On May 1, about 40 members and friends of HAO attended a matinee performance of Strange Gods, followed by a Q&A and reception with the playwright and cast.
Catholic school-teacher Richard is engaged to marry Laura, a divorced atheist. To safeguard Richard’s standing in the Separate School bureaucracy, they must have a church wedding. But that requires his unbelieving bride to satisfy the Church — in the person of the stern and power-mongering Father Manning — that, while she is not required to convert, she will at least submit to certain of the Church’s dictates within their marriage.
This sets up the central conflict within the play Strange Gods. We watch Manning and Laura battle over the well-trodden ground of faith vs. reason, of patriarchal vs. modern humanist values; and we watch Laura battle Richard over her refusal to betray her convictions vs. his need to conform to the system. Along the way, Laura acquires an unexpected ally in the disgraced liberal Father Dorsey, and an enemy in the rectory housekeeper, the devout Mrs. O’Brien — almost a caricature of the obedient cradle Catholic. But we also see Father Manning’s amoral machinations within the politics of the diocese and school-board. In the end, the only character who has remained true to themselves is the atheist Laura — all the Catholic characters are shown as compromised in some way, torn among their ostensible convictions, their human needs, and the demands of their ancient (but still powerful) institution.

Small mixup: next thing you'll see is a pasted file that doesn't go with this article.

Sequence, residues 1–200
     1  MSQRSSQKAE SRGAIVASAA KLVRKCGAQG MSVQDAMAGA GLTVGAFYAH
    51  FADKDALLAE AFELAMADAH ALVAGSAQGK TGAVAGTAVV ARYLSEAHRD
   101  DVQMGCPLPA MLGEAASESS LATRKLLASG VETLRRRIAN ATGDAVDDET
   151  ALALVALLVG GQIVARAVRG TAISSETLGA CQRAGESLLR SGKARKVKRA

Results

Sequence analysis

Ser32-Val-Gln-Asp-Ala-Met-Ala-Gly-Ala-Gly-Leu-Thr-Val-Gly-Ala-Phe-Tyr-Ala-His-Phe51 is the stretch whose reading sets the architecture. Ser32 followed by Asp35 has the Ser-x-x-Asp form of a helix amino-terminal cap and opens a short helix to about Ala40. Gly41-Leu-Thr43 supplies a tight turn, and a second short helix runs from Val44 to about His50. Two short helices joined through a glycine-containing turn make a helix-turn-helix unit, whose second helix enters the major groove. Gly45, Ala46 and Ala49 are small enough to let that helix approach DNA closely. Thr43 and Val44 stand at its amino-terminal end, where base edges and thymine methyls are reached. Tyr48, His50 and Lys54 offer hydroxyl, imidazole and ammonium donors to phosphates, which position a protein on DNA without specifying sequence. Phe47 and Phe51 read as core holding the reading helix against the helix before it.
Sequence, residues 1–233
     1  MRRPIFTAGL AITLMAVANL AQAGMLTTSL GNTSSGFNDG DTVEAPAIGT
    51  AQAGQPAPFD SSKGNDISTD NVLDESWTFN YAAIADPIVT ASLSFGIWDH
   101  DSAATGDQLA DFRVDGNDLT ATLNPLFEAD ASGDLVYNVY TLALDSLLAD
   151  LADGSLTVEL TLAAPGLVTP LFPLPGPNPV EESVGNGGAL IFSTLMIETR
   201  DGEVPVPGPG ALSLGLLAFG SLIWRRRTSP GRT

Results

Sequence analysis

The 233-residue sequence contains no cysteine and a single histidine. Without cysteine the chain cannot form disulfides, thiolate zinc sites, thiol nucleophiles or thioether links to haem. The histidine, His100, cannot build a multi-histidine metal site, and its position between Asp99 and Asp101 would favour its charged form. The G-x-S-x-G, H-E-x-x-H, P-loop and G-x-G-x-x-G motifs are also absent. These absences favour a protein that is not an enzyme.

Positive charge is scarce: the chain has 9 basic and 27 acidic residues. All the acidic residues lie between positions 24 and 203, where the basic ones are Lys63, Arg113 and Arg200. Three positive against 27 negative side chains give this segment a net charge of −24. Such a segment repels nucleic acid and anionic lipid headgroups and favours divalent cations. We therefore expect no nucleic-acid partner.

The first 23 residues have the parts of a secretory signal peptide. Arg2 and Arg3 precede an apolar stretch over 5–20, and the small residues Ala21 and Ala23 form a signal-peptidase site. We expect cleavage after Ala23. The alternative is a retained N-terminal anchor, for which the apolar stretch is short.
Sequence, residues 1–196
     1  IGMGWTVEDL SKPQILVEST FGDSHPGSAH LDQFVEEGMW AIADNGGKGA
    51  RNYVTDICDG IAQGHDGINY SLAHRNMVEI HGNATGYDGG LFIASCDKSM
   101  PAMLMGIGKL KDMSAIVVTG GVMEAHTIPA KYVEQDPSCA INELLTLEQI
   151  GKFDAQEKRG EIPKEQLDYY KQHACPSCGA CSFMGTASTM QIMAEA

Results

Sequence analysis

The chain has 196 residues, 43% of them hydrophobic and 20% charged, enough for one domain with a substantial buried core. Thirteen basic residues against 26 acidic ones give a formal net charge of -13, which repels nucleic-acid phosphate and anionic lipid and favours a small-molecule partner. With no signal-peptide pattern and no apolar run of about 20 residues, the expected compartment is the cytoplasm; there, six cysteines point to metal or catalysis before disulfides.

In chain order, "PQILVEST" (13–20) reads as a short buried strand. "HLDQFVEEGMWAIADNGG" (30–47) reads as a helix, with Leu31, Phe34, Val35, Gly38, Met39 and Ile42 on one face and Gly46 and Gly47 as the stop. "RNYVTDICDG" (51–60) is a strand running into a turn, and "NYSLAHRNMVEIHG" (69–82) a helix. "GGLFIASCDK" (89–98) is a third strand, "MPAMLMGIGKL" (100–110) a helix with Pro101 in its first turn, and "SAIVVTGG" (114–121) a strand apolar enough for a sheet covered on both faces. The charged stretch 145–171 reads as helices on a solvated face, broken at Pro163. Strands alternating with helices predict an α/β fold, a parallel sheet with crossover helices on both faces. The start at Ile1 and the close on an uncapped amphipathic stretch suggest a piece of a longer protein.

And yet Strange Gods is not, in intent, an anti-Catholic play. The playwright, Robert Knuckle, is a Catholic married to an atheist humanist, and much of the material in the play is based in some way on his experiences. Despite everything, Knuckle remains a Catholic, he says, because of his affection for the environment he was raised in, and his faith that there is still good to be found within the people of the Church. His target, rather, is the corruption and abuse of power, and the entrenched anti-modernism of the organization. Knuckle laments the fact that Catholicism has, if anything, become reactionary since the reforms of Vatican II. In a way, Strange Gods is Knuckle’s own 95 Theses — a protest from within, rather than an attack from without. (In an ironic sight-gag, in an early scene one of the priest characters is seen idly leafing through a book entitled Martin Luther).
Speaking of which: it seems to this (never-Catholic) observer that what the Church needs now is a new Luther to scare it to death — and a new Erasmus to show it what needs to be fixed.